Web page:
Schizophrenia is a chronic psychiatric disorder. People with this disorder experience distortions of reality, often in the form of delusions or hallucinations.
Although exact estimates are difficult to obtain, schizophrenia affects less than 1 percent of the population.
Misconceptions about this disorder are common. For example, some people think schizophrenia creates a “split personality.” In fact, schizophrenia and split personality — properly termed dissociative identity disorder — are two different disorders.
Here’s what you need to know about this mental health condition.
Symptoms of schizophrenia may include the following:
Symptoms of this disorder commonly show up in the teenage years and early 20s. At these ages, the earliest signs may get overlooked because they mirror certain “typical” adolescent behaviors.
Early symptoms can include:
- isolating oneself from friends and family
- changing friends or social groups
- a change in focus and concentration
- sleep problems
- irritability and agitation
- difficulties with schoolwork, or poor academic performance
- vague suspiciousness
- odd ideas
- feeling different from others
When it comes to more advanced symptoms, these tend to fall into three distinct categories: positive symptoms, negative symptoms, and disorganized symptoms.
The terms “positive” and “negative” have different connotations here: “Positive” symptoms mean added thoughts or actions to one’s typical experience. “Negative” symptoms are the absence of typical behaviors.
“Positive” symptoms of schizophrenia aren’t typical in individuals without schizophrenia or other types of severe mental illness. These behaviors include:
- Hallucinations. Hallucinations are experiences that appear real but are created by your mind. They include seeing things, hearing voices, or smelling things that others around you don’t experience.
- Delusions. A delusion occurs when you believe something despite evidence or facts to the contrary.
- Paranoia. Paranoia is when someone is unusually distrustful of others, or firmly believes they are being followed or persecuted.
Negative symptoms of schizophrenia interrupt a person’s typical emotions, behaviors, and abilities. These symptoms include:
- reduction in speaking
- odd emotional responses to situations
- a lack of emotion or expressions
- loss of interest or excitement for life
- social isolation
- trouble experiencing pleasure
- difficulty beginning or following through with plans
- difficulty completing normal everyday activities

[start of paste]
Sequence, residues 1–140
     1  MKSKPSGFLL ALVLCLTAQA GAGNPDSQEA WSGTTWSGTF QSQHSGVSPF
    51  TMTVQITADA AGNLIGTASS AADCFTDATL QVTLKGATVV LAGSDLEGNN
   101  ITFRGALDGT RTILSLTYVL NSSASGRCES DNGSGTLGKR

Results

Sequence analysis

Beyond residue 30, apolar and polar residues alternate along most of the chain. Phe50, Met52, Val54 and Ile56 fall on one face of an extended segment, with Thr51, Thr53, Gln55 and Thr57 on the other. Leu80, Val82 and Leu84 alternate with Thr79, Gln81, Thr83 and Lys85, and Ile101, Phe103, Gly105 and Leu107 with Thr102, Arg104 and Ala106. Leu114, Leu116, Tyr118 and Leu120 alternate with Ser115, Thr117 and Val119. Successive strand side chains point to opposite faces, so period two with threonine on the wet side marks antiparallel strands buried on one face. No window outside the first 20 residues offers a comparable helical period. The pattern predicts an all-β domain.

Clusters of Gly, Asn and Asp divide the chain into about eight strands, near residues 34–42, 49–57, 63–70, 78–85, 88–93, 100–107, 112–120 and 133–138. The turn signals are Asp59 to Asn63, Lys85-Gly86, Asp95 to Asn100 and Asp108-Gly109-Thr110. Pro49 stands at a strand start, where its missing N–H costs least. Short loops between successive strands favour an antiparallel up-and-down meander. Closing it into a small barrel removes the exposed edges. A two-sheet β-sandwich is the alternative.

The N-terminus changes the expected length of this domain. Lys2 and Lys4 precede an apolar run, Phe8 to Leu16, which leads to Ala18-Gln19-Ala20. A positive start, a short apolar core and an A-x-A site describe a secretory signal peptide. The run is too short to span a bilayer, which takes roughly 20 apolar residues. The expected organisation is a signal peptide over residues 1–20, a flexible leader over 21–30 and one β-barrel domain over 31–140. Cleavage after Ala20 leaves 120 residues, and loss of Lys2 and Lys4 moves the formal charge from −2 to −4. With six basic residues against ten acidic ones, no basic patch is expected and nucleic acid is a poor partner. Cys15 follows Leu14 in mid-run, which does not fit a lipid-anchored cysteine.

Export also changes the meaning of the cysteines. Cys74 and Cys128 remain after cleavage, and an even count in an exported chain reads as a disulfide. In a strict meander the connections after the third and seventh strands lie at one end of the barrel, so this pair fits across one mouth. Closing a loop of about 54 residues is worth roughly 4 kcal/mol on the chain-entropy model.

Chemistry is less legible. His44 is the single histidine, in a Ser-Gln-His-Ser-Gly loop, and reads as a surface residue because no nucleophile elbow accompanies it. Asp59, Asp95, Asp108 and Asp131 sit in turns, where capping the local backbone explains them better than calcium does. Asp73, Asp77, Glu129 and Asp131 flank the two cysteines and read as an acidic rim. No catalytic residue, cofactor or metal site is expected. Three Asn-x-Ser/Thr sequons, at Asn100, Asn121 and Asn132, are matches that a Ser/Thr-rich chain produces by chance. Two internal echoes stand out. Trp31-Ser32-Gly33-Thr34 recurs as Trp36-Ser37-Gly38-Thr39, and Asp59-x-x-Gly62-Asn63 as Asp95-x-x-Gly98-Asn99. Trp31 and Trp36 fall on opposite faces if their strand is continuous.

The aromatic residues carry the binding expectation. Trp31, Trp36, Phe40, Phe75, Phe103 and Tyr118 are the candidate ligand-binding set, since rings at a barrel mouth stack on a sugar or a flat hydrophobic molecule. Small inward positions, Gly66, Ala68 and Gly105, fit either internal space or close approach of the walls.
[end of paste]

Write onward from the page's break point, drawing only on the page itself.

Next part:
Sometimes referred to as “cognitive” symptoms, these symptoms are labeled as such because they illustrate that someone is having trouble with certain cognitive or mental functions. They include:
- disorganized thinking or speech, such as when a person changes topics rapidly when speaking or uses made-up words or phrases
- disorganized thinking, such as trouble focusing or paying attention
- poor “executive functioning,” or understanding information and using it to make decisions
- problems learning information and using it
Symptoms of schizophrenia can vary in severity and type, and may be exasperated if an individual is experiencing heightened stress, using substances, or is not taking their prescribed medications correctly.
The exact cause of schizophrenia is unknown. Medical researchers believe several factors can contribute, including:
Even though it’s still not known what causes schizophrenia, researchers believe genetics may play a role. People with a family history of schizophrenia have a higher risk of developing this disorder.
Other risk factors for schizophrenia may include:
- exposure to toxins, a virus, or malnutrition before birth or during infancy
- using mind-altering drugs
- living in a highly stressful situation
- taking mind-altering drugs in adolescence or young adulthood
Schizophrenia is a serious mental illness that shouldn’t be ignored or left untreated. The illness increases the risk of serious complications, such as:
Schizophrenia can also make it difficult to work or attend school. If you can’t work or support yourself financially, there’s a higher risk for poverty and homelessness.
There isn’t a single test to diagnose schizophrenia. A complete psychiatric exam can help a doctor make a diagnosis. You’ll need to see a psychiatrist or mental health professional.
At your appointment, expect to answer questions about your:
- medical history
- mental health
- family medical history
Your doctor may conduct the following:
- a physical exam
- blood work
- imaging tests, including magnetic resonance imaging (MRI) or computed tomography (CT) scan
Sometimes, there can be other reasons for your symptoms, even though they may be similar to those of schizophrenia. These reasons may include:
- substance use
- certain medications
- other mental illnesses
Your doctor may diagnose schizophrenia if you’ve had at least two symptoms for a 1-month period. These symptoms must include:
- disorganized speech
There’s no cure for schizophrenia. Current treatments focus on managing or reducing the severity of symptoms.
It’s important to get treatment from a psychiatrist or mental health professional who has experience treating people with this disorder. You may also work with a social worker or a case manager, too.
Possible treatments include the following:
Antipsychotic medication is the most common treatment for schizophrenia. Medication can help manage:
Another treatment option for schizophrenia is psychosocial intervention. This includes individual therapy to help you cope with stress and your illness.
Social training can improve your social and communication skills.